This morning I was visited by our elderly neighbor who needed to use our phone because hers wouldn’t work. After using our phone and chit-chatting a bit she asked me how often I think that a will needs to be updated.
Now, I told her I’m a salt lake city bankruptcy lawyer, and I don’t do a whole lot of estate planning law, but I do enough to know that a will never “expires”, although you might need to update it if circumstances have changed regarding the people you’re leaving your estate to. For instance, an adoption, a death, a birth, or a marriage could have unforeseen effects on the disposition of your property.
When I gave my neighbor this advice she said, “ok, well the executor to the will passed away, my husband passed away, I don’t trust two of my kids with money, one of my kids got married and another adopted a child; but my cousin is a lawyer as well, and he said I don’t have to do anything.”
Well, like I said, I’m not an estate planning attorney. But that sounds like bad legal advice. This lady’s will is clearly useless as to execute her intentions, she obviously needs to have it updated. So why did her cousin give her such rotten advice? Well, maybe he knows more about the situation than I do, and realizes that it won’t make a difference given the structure of her current will. Or maybe the guy has no idea what he’s talking about.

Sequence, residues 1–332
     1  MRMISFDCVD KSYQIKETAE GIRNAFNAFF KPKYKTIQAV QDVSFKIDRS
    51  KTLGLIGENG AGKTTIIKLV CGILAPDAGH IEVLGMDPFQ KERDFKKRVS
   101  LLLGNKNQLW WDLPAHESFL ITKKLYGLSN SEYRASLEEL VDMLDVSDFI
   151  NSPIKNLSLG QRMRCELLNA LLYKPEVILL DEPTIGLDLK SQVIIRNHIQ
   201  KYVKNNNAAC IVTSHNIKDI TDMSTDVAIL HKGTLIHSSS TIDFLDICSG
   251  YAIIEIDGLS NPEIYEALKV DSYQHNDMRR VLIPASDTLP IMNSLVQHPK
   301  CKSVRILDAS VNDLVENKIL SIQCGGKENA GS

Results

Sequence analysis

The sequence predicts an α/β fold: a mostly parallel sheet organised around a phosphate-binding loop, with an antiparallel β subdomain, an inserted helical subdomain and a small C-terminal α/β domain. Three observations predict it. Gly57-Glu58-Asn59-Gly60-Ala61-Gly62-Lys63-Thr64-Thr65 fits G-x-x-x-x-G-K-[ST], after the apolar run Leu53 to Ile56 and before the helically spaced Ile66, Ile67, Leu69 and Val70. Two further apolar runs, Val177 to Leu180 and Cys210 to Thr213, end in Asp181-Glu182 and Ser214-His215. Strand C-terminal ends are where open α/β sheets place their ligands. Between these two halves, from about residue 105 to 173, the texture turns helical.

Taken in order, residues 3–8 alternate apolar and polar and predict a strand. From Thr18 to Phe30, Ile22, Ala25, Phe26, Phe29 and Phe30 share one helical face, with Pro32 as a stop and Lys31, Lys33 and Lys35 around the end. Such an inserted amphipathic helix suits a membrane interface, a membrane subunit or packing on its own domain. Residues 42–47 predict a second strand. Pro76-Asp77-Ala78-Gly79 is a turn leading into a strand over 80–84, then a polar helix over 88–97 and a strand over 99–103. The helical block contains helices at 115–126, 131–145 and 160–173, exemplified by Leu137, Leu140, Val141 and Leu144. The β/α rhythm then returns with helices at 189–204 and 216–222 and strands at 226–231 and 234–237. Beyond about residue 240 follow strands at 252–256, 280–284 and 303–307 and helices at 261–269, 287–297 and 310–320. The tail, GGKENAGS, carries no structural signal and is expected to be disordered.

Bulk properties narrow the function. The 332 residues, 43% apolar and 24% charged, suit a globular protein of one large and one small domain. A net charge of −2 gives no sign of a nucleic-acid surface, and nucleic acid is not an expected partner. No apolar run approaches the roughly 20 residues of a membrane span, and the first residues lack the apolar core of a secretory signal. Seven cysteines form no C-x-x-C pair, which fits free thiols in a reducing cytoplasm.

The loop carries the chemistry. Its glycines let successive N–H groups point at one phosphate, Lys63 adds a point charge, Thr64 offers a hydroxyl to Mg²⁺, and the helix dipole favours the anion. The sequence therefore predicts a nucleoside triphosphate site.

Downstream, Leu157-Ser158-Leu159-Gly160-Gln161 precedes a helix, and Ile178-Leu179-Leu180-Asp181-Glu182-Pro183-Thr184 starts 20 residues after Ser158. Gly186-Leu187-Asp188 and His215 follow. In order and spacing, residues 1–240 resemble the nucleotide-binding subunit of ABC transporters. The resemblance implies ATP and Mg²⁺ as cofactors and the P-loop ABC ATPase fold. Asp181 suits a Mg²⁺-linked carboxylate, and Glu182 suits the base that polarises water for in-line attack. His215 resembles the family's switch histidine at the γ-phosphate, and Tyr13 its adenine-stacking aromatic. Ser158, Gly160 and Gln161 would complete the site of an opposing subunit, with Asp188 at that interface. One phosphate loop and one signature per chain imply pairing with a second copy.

The point is this: you wouldn’t go to a foot doctor to have heart surgery, so why would you see a personal injury lawyer about estate planning? If you are considering filing bankruptcy, see a competent bankruptcy attorney. Don’t go talk to the lawyer that did your cousin’s adoption, or the lawyer who helped your neighbor form a business entity. Some people don’t realize this, but all lawyers do not know all areas of the law. The law is large and complex, and lawyers specialize because it’s impossible to know everything you need to know to adequately represent someone with any legal problem.
Your family lawyer may not know about reaffirmation agreements, preferences, and the means test; but your salt lake city bankruptcy attorney will – and that is very very important!